The Palm Scribe

Jurisdictional Approach Touted as Key to Palm Oil’s Social and Environment Issues

Photo: RSPO

Bangkok- The jurisdictional approach, that seeks to align interests and coordinate actions among governments, businesses, local communities, and NGOs, will not only support the sustainability of the palm oil industry in the future, but will also be able to address environmental and social issues faced by the sector, proponents of the approach told the 17th Annual Roundtable Conference on Sustainable Palm Oil (RT17) here.

“The jurisdictional approach is solving the social, and environmental issues, as well as helping producers in the palm oil industry to cultivate sustainably,” Yulhaidir, Head of the Indonesian District of Seruyan in Central Kalimantan Province, told a panel discussion on the second day of the conference organized by the Roundtable on Sustainable Palm Oil (RSPO) last week.

Seruyan, along with Sabah in Malaysia, and Ecuador, have been designated as pilot projects for the jurisdictional approach to palm oil certification in 2015 under the RSPO.

A jurisdictional approach to certification means making sure that all stakeholders in a jurisdictional territory work together on an equal footing, to ensure that production and processing of a particular commodity in the jurisdiction are done sustainably and ultimately, to ensure all producers in a jurisdiction are compliant to the RSPO Principles & Criteria.

“To make sure that smallholder farmers and producers are all obliged to follow all necessary approaches in sustainable cultivation, the Seruyan district has also launched a web-based monitoring system in line with the RSPO’s P&C,” Yulhaidar said.

To work towards implementing a jurisdictional approach to palm oil certification, the district established a working group to prepare for jurisdictional certification. It is composed of eight district institutions, representatives of eight major palm oil companies operating in Seruyan and eight representatives of social or community organizations.

Through the jurisdictional approach, Seruyan district seeks to not only improve productivity, open wider market access and improve the livelihood of farmers, but also to reduce deforestation rate, to map and protect high conservation value areas, to reduce social conflicts, to map and assist farmers to protect the rights of customary communities and inventarize land with cultural sites.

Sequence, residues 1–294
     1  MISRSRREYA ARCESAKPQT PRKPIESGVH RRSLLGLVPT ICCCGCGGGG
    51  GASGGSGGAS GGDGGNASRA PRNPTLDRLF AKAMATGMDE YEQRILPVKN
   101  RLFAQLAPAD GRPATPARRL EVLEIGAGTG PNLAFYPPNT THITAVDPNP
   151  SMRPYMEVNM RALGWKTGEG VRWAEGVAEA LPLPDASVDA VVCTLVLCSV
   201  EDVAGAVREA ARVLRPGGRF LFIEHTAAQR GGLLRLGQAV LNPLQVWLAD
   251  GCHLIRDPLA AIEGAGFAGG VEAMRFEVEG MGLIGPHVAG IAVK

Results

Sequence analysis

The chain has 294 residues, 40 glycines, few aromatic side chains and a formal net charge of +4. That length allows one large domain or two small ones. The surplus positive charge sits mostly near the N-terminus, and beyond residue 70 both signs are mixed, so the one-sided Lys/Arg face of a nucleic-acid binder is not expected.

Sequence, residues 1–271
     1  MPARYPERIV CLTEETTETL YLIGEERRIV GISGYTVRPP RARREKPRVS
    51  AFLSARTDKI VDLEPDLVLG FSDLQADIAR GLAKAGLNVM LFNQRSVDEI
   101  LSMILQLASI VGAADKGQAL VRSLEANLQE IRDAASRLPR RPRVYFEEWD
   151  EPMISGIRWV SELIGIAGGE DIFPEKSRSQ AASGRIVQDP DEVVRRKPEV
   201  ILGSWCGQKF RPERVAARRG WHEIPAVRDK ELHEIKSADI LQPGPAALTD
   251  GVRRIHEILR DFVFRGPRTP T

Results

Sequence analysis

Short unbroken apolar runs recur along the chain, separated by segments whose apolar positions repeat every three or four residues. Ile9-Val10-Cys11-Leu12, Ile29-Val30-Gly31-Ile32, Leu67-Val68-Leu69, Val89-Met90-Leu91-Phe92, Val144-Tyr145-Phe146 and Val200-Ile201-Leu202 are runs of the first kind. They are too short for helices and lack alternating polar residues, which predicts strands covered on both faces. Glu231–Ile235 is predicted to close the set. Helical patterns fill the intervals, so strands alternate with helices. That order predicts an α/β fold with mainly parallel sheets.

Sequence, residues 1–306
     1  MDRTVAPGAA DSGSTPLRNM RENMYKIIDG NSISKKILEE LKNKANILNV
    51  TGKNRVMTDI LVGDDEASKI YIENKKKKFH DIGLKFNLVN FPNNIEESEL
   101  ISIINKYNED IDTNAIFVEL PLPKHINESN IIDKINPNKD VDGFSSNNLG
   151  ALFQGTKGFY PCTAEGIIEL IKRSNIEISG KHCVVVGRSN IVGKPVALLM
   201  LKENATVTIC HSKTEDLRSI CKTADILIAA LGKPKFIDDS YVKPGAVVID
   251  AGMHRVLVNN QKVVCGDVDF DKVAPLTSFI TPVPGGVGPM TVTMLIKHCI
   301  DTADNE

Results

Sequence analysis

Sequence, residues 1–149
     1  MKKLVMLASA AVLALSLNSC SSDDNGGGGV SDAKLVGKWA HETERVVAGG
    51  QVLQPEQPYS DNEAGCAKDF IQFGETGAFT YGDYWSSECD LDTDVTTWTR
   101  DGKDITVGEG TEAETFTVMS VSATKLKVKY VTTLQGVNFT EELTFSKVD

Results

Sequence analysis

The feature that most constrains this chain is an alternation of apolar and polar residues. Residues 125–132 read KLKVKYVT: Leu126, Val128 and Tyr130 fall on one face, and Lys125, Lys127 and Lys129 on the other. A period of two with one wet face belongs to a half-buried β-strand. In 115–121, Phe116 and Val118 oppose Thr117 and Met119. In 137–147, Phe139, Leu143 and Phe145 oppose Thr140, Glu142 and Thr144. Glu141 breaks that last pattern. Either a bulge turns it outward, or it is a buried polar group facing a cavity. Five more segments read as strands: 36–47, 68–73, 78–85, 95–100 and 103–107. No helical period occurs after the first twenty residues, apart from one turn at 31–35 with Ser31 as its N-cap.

The process, Yulhaidar said, is still far from completed and he added that the involvement of all stakeholders was a must, because “It’s not easy, nor cheap,” to achieve the jurisdictional approach status.

“This long, uneasy process needs incentives from time to time, which is why we need a guarantee that buyers will buy the commodity at a price that is mutually beneficial for both, because that will continue sustainability for all,” he said.

Calls for buyers to assume their share in achieving sustainability by buying more sustainable palm oil has marked the conference. Producers are doing their bits by trying to comply with RSPO’s stringent sustainability standards and now it was time for buyers to assume their responsibility, the conference heard.

Frederick Kugan, Deputy Chief Conservator of Forests from the Sabah Forestry Department said that the jurisdictional approach was cost-effective for certification, which means they can also reach a wider market due to its competitiveness.

“Having a jurisdictional approach is very important, because all the issues that need to be addressed, is already addressed at a state level; land, forests, smallholders, are all addressed in the jurisdictional approach,” he told the panel discussion.

Kugan also said, that since its inception in 2015, the approach was implemented so that Sabah would also be conflict-free, enabling it thus, to provide a sustainable livelihood for the people of Sabah.

“It’s very important that the jurisdictional approach is continuously recognized,” Kugan said, adding that Sabah is aiming to be 100 percent RSPO certified by 2025.

Sharing the experience of Ecuador, was the Executive Director of ACD consulting Maria Albán, who said that the impetus in her country was to save their part of the Amazon basin, in the face of the growing expansion of various commodities, including palm oil.

“We are in the process of finalizing a road map at the national level to be able to reach this certification approach by 2022,” she told the panel, stressing the importance of strong commitments to sustainability from all sectors, including palm oil.

Ecuador is the second-largest palm oil producer in Latin America. With a production of 550,000 tons of palm oil in 2015 and 87 percent sourced directly from smallholders, Ecuador is one of the region’s main exporters of the commodity.


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